The naming process for this game is an important reminder not to get hung up on following a linear path with creative projects. In all the prototypes, the “relics” were more generic treasures like crowns, rings, goblets, ancient coins, etc. We had a milestone on our project plan to pick a name for the game before the art was finished, which makes sense for promoting the game. These were the last pieces for which art was created, and based on the art we started calling them “relics” instead of “treasures.” But we couldn’t have possibly ended up with the name until after all the artwork was done: only then did a name like Relic Expedition occur to us.
JL: What has this taught you about the creative process? Anything you were surprised to discover?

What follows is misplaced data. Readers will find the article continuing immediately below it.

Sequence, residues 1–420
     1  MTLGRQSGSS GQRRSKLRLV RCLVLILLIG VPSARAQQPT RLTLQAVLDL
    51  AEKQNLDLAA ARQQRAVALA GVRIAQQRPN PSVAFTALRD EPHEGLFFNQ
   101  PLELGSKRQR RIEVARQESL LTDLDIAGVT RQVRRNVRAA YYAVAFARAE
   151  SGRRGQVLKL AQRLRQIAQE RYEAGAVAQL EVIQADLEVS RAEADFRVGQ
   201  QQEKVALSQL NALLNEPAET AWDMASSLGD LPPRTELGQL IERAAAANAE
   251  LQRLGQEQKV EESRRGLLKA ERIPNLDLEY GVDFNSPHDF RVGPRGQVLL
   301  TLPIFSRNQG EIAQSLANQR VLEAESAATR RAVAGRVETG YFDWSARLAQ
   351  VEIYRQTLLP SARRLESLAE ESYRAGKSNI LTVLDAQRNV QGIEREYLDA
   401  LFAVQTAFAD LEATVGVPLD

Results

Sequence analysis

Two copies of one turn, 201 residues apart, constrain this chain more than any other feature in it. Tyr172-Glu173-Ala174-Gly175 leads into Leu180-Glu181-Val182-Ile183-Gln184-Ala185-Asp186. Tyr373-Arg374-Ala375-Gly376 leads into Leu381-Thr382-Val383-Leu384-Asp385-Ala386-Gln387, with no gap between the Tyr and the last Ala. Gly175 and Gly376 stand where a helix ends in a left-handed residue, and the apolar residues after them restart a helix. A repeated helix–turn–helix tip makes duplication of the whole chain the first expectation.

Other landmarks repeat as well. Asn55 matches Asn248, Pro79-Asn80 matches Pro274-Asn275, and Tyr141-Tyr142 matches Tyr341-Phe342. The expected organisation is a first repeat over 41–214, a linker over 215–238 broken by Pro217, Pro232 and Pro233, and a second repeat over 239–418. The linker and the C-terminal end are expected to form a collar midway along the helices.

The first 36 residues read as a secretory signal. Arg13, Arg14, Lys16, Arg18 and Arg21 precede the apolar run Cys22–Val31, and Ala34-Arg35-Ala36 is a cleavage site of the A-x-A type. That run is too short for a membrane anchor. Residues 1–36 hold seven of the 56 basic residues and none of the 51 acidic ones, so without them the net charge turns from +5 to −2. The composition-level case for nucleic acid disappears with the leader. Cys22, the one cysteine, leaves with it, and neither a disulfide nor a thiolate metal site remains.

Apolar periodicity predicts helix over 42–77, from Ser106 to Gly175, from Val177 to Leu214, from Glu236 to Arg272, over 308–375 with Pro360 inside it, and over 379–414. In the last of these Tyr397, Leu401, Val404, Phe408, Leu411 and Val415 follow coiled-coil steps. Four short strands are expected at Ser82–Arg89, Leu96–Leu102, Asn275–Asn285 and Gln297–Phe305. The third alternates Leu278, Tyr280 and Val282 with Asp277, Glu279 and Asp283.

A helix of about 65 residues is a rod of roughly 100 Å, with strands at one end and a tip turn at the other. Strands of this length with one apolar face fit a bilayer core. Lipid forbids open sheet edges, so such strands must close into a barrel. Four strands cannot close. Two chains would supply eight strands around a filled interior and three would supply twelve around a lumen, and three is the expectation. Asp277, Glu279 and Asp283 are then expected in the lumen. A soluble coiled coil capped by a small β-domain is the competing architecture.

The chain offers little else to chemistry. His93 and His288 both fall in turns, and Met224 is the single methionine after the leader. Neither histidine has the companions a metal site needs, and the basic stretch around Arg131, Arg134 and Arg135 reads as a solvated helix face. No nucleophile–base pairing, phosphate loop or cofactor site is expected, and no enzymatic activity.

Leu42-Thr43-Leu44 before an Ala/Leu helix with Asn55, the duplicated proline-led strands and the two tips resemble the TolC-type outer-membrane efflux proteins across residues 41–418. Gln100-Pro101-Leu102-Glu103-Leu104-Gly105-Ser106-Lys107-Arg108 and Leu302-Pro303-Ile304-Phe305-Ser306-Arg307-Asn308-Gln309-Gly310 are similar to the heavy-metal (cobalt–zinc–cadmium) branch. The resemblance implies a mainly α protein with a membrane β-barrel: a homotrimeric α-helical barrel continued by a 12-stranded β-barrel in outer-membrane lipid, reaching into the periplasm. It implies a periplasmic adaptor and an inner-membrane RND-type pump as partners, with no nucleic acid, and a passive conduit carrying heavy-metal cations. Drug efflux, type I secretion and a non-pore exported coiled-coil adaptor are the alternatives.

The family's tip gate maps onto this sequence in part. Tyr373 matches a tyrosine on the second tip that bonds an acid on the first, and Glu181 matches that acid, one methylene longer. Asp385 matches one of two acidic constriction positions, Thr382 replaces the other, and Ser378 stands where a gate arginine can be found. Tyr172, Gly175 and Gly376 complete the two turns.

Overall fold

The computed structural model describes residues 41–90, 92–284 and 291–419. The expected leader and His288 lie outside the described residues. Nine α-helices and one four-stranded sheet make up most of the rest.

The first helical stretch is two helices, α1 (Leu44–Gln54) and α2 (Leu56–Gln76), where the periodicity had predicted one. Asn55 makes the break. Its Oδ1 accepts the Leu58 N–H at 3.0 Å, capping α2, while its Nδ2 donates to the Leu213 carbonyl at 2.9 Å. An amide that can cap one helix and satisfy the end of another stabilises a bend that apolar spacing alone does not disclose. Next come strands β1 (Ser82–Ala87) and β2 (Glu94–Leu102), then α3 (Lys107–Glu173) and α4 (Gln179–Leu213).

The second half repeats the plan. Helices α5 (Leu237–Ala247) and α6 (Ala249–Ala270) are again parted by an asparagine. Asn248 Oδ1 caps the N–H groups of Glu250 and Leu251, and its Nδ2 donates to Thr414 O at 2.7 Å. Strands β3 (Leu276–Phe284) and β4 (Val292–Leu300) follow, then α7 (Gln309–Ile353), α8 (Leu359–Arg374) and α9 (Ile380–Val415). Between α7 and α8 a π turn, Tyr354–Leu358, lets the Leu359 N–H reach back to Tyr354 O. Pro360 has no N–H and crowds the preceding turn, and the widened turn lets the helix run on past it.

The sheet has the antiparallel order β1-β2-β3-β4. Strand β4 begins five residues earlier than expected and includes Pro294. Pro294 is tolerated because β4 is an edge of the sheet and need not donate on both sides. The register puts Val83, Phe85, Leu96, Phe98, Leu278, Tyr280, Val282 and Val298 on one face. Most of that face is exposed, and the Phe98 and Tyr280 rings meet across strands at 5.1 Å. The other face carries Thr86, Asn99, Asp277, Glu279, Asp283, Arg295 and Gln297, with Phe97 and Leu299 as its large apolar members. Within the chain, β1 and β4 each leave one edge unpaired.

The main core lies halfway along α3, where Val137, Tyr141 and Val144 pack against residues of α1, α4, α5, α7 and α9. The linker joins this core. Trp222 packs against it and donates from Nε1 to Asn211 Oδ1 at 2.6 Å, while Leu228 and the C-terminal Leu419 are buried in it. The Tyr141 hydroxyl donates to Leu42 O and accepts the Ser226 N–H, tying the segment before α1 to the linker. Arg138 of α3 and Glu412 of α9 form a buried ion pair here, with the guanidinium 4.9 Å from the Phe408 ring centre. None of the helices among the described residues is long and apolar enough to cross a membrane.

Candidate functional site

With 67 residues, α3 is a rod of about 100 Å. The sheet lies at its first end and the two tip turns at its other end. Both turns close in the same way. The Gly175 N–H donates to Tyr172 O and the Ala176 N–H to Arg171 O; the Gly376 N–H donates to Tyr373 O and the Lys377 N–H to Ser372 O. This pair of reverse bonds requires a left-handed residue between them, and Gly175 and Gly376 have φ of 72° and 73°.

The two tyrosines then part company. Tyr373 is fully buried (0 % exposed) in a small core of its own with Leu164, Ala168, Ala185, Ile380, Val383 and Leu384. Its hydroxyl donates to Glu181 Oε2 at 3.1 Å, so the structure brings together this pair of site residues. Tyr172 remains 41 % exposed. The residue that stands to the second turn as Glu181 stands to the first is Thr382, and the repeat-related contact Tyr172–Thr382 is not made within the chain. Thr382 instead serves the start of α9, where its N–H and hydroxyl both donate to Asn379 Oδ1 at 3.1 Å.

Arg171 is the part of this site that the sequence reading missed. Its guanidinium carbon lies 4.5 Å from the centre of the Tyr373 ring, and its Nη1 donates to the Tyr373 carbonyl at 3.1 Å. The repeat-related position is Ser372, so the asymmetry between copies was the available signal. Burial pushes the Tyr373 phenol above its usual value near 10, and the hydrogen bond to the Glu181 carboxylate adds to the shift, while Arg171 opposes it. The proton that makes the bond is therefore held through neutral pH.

RH: When you get inspired to do work on a project like this, you have to go with it. You have to follow your muse. Even when it is inconvenient and difficult. I had a newborn baby who wasn’t sleeping through the night, and I was up late cutting out hexagons and printing crowns on different colors of sticker labels in between feedings. I have found the popular saying “Strike while the iron is hot” to be especially true with creativity and inspiration. During the time I was working on the game, I changed jobs to start working at Treehouse and moved my family from Dallas, Texas to Orlando, Florida. It would have been easy to put the game on hold and wait until we got settled to work on it. But who knows how long that would have taken? And who knows how I would have felt about the game after taking a few months off?
JL: Thanks for chatting with us about the board game and for sharing what you’ve learned about inspiration and creativity from creating it.
RH: No problem. I enjoyed it!
Be sure to check out the campaign for Randy Hoyt’s board game Relic Expedition, now on Kickstarter.